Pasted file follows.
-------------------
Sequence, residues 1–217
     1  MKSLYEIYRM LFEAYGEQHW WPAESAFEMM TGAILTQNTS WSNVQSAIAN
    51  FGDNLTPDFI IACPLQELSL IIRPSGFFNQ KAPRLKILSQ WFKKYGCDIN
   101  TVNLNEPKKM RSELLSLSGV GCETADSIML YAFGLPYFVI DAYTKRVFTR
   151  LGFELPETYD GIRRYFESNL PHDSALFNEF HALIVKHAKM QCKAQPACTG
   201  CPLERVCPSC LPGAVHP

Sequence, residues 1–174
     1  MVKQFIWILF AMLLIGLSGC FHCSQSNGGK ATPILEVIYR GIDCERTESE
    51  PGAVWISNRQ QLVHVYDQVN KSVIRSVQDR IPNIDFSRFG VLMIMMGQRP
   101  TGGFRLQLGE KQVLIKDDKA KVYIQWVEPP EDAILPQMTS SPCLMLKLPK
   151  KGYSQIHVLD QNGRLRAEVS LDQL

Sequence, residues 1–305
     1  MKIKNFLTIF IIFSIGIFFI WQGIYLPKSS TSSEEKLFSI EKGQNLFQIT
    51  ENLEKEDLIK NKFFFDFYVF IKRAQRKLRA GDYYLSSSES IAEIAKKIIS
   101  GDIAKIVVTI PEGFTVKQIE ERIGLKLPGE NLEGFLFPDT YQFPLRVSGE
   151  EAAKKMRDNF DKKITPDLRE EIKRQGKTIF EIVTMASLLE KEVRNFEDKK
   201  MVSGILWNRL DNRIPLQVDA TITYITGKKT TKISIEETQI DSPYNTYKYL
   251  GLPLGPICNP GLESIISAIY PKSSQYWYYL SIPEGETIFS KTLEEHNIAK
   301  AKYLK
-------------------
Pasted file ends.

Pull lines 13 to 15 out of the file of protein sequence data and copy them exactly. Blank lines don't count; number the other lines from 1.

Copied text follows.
     1  MKIKNFLTIF IIFSIGIFFI WQGIYLPKSS TSSEEKLFSI EKGQNLFQIT
    51  ENLEKEDLIK NKFFFDFYVF IKRAQRKLRA GDYYLSSSES IAEIAKKIIS
   101  GDIAKIVVTI PEGFTVKQIE ERIGLKLPGE NLEGFLFPDT YQFPLRVSGE